From HandWiki

An elixir is a sweet liquid used for medical purposes, to be taken orally and intended to cure one's illness.[1] When used as a pharmaceutical preparation, an elixir contains at least one active ingredient designed to be taken orally.


The word was introduced in late Middle English, through Latin from Arabic al-ʾiksīr (الإكسير), which in turn is the Arabization of Greek xērion (ξήριον) "powder for drying wounds" (from ξηρός xēros "dry").[1]


Non-medicated elixirs

These are used as solvents or vehicles for the preparation of medicated elixirs. Active ingredients are dissolved in a 15–⁠50% by volume solution of ethyl alcohol:

  • aromatic elixirs (USP)
  • isoalcoholic elixirs (NF)
  • compound benzaldehyde elixirs (NF)

Medicated elixirs

These include:

  • antihistaminic elixirs used against allergy, such as chlorpheniramine maleate (USP) or diphenhydramine HCl
  • sedative and hypnotic elixirs, the former to induce drowsiness, the latter to induce sleep
  • pediatric elixirs such as chloral hydrate
  • expectorant elixirs used to facilitate productive cough (i.e. cough with sputum), such as terpin hydrate

East Asian vitamin drinks

Daily non-alcoholic non-caffeinated 'vitamin drinks' have been popular in East Asia since the 1950s, with Oronamin from Otsuka Pharmaceutical perhaps the market leader. Packaged in brown light-proof bottles, these drinks have the reputation of being enjoyed by old men and other health-conscious individuals. Counterparts exist in South Korea and China.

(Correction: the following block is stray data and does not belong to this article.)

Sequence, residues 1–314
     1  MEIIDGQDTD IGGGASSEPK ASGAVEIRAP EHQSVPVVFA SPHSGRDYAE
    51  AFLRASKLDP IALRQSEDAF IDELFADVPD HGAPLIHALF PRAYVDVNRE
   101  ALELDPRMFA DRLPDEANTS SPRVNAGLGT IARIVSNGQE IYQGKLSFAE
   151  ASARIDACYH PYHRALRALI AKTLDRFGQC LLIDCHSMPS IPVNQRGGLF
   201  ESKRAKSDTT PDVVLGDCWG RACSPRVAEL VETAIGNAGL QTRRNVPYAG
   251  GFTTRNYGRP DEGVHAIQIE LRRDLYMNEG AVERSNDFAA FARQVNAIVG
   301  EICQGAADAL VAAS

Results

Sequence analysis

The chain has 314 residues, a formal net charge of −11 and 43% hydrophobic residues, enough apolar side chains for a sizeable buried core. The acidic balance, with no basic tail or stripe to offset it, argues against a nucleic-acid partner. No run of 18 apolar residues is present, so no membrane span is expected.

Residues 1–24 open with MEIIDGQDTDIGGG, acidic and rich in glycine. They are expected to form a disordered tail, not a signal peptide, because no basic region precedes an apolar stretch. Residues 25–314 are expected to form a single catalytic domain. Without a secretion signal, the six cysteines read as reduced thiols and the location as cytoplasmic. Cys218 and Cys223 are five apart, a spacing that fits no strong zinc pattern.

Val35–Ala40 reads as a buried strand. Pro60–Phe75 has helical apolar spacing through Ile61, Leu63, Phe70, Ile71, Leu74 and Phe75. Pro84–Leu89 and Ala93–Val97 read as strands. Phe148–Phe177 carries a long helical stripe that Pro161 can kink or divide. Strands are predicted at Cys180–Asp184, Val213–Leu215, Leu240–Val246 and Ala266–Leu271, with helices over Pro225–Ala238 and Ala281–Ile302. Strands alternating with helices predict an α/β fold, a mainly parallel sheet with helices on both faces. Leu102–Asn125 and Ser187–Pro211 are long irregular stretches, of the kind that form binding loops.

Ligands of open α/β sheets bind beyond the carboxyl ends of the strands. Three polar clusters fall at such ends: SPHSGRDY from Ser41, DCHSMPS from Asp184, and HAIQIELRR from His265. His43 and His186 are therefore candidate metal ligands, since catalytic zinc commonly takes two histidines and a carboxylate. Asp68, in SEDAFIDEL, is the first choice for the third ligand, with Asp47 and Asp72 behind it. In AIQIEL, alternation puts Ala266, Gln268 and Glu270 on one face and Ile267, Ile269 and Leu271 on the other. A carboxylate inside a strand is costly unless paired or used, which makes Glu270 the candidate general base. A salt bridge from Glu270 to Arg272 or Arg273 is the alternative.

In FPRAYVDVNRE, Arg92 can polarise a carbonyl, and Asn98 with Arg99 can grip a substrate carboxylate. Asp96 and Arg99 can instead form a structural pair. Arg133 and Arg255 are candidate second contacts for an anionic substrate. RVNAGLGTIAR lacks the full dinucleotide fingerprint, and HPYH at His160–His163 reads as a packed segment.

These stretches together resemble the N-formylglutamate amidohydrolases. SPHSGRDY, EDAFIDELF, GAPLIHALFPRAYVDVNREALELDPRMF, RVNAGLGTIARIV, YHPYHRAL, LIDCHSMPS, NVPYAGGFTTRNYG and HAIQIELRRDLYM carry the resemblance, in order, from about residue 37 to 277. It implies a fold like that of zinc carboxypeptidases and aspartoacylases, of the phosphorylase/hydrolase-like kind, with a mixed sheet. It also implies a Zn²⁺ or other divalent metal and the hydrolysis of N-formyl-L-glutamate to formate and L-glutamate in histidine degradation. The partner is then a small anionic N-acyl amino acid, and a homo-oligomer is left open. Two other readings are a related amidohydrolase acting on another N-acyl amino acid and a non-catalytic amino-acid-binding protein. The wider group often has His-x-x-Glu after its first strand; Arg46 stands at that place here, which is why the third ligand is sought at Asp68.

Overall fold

Western energy drinks typically have caffeine and are targeted at a younger demographic, with colorful labels and printed claims of increased athletic/daily performance.


An elixir is a hydro-alcoholic solution of at least one active ingredient. The alcohol is mainly used to:

  • Solubilize the active ingredient(s) and some excipients
  • Retard the crystallization of sugar
  • Preserve the finished product
  • Provide a sharpness to the taste
  • Aid in masking the unpleasant taste of the active ingredient(s)
  • Enhance the flavor.

The lowest alcoholic quantity that will dissolve completely the active ingredient(s) and give a clear solution is generally chosen. High concentrations of alcohol give burning taste to the final product.

An elixir may also contain the following excipients:


Elixirs should be stored in a tightly closed, light resistant container away from direct heat and sunlight.

See also

  • Concoction
  • Elixir of life
  • Internal alchemy
  • Energy drink
  • Soft drink
  • Panacea (medicine), mythological remedy that would cure all diseases
  • Suspension
  • Syrup
  • Spagyric
  • Herbal tea
  • Tincture, in which alcohol is the major solvent and the ingredient is often highly concentrated.
  • Theriac


  1. 1.0 1.1 Chisholm, Hugh, ed (1911). "Elixir". Encyclopædia Britannica. 9 (11th ed.). Cambridge University Press. pp. 281–282.